Podcast: Why Median Home Prices Are Misleading
By Comms Team | 07/06/2021Tags: Finance | Podcasts | Real-Estate
"Median is a flawed statistic for measuring the magnitude of price change. It can't be used to develop an average price appreciation."
Paul Owers (00:09):
Hi, I'm Paul Owers, the media relations director for the Florida Atlantic University College of Business, and this is Home Pricing Trends featuring Ken H. Johnson. He is a real estate economist and associate dean in FAU's College of Business. Our discussion today focuses on the use of median sales prices in determining housing market trends. For more information about his real estate research visit business.fau.edu/buyvsrent; that's business.fau.edu/buyvsrent. Ken, thank you for joining us. The National Association of Realtors and state and trade groups use median selling prices to determine an increase or decrease in home prices, but you don't think that's a good idea – why?
Ken H. Johnson (01:00):
Sure, Paul - thank you very much. There are two reasons why this is a bad idea. One's a little wonkie and I'll go with it first; the other is much more straightforward and everybody can see it a little bit more easily without much of a math background. But first the wonkie answer - the median is a flawed statistic for measuring the magnitude of price change. It can't be used to develop an average price appreciation for the following reason. It is what's known as an ordinal interval measure. I know all this is wonkie, but because it is that you can't use algebra and come out with anything meaningful, but we insist on using algebra on it to come up with average appreciation. The median sales price is up 22%. That's a mathematical algebraic calculation. It's mathematically impossible to use the median to do that. The numbers are wrong and they tend to be skewed.
Ken H. Johnson (01:53):
Now something the median does do, and it's very accurate on - if the median is going up, it is going up. If the median price of homes are going down, they are going down; the median just can't tell you the magnitude or the degree to which it's going up or going down. So that's the wonkie answer. Number two, there's something called a substitution effect, other people call it a grocery cart example, and this is exactly how I've explained to me years ago when I was in grad school. My stats professor explained that look, imagine a number of people coming into the supermarket, and then they're going to Publix to shop, and every week they go in and shop and you look at and calculate the median. Now here's how you calculate the median - you look at all the grocery carts that were, that were bought;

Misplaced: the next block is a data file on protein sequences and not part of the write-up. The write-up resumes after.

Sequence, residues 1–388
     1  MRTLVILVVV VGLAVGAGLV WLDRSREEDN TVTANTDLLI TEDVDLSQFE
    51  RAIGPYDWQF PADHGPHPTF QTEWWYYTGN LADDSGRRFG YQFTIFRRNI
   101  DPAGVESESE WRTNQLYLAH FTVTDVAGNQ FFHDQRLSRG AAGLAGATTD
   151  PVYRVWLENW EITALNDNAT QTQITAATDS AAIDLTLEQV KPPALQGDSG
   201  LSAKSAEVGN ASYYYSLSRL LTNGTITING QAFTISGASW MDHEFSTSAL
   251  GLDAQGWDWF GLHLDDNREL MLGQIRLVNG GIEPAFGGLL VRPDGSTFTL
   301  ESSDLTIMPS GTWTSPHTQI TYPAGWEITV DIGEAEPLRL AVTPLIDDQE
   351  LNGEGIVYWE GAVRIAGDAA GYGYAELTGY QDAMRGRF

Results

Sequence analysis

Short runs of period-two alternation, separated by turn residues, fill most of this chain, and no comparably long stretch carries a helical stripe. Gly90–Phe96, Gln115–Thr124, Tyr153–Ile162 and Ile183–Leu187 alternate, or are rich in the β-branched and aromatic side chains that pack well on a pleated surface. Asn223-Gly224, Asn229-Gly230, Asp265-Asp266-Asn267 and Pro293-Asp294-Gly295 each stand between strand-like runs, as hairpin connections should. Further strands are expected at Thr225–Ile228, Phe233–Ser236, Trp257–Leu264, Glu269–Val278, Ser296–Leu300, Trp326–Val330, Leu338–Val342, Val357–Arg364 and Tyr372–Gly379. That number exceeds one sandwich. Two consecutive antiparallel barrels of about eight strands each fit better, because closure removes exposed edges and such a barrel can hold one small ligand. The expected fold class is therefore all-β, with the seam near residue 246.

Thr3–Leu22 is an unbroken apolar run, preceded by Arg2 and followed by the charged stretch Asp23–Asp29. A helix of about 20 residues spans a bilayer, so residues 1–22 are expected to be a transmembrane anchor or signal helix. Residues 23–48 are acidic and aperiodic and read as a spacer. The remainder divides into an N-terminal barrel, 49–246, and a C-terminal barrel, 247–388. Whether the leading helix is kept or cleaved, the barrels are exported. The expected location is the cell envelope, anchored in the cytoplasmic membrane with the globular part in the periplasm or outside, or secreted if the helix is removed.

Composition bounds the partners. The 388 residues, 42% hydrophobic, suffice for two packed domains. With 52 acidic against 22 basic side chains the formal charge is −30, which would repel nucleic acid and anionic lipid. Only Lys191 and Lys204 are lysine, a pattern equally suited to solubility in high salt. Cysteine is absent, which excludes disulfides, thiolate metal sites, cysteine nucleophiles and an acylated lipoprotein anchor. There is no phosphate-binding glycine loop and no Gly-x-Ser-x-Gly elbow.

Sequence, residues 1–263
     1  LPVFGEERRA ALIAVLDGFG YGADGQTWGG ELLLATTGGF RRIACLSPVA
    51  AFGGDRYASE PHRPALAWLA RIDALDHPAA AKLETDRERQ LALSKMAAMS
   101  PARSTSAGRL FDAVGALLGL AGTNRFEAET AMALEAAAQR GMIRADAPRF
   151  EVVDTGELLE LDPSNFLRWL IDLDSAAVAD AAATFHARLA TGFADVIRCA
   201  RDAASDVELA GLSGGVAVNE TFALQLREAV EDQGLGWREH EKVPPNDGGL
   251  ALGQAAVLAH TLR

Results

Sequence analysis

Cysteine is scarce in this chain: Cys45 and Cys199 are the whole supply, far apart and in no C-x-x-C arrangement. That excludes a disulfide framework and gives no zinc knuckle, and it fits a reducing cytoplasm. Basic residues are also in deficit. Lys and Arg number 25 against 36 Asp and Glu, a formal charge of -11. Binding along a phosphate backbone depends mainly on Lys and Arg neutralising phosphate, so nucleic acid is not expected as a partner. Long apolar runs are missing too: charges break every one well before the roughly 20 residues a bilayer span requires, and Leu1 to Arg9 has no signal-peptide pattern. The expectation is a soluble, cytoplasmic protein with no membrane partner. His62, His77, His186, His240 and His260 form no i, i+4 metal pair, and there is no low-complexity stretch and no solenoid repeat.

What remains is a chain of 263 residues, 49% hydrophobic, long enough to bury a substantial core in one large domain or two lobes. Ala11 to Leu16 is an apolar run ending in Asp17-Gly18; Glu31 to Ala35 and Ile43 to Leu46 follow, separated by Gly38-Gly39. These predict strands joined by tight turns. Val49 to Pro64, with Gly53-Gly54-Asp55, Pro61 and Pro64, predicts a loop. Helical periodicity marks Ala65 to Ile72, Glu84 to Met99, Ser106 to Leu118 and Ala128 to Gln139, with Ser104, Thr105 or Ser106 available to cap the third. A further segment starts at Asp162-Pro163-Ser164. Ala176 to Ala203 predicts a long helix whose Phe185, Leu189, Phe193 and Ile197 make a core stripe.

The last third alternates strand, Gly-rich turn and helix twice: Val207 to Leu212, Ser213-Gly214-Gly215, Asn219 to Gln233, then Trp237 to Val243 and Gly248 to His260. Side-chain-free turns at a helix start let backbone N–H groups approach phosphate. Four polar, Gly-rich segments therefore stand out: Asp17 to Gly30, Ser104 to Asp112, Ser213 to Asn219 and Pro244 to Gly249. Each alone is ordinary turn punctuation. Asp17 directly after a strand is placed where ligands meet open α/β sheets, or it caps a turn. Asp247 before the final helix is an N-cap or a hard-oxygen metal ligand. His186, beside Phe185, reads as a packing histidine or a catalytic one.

Ken H. Johnson (02:37):
you look at the price, you arrange them from the smallest to the largest, go halfway through those numbers and that is the median number. There's no algebra, there's no calculation, it's just a process; it's a step process. So imagine people go into the supermarket and shop and then the median number is $100 for a grocery cart. And then we have an endowment come to them, some extra money and they go back and shop the next week and everybody goes to Publix and all of a sudden the median price is $150 on the grocery carts, not $100, keep in mind, this is not an average; two things have gone up. With that extra money, people have bid up the price of what they were buying. They bid up the price of mayonnaise, but they've also gone from Hellman's mayonnaise to the specialty...
Ken H. Johnson (03:25):
mayonnaise. They've also gone from hamburger to steak, from frozen to fresh. So you're getting both the price increase and a substitution effect into what they're buying. So when you look at the median price increase, it's gone from a $100 to $150. Then we very often try to say, well, that's one $150 minus $100 divided by $100, that's a 50% increase in the price of food and the price of groceries. That's not true. There's both the price increase and the substitution effect that's going on. And this is exactly what happens in housing. You buy so much housing and there's so many different amenities associated with the house from amenities, pool, no pool, size, age, square footage, et cetera. So when people have an endowment from either the federal government, or we see, we might see endowments coming from the government, or they've got increases in pay, they've got super low interest rates, and that's a big cost right now. You get super low interest rates, making housing pretty inexpensive for you on an ownership level. So people go out and shop and their median price will go up, but they're getting both the increased price per square foot and the fact that, oh, wow, I'm now buying more amenities than I was before. So you get this skewness if you will in the median price; it's misleading - it can't be used. Number one, it can't be calculated and interpreted, and number two, when we do it, we still have this grocery cart effect.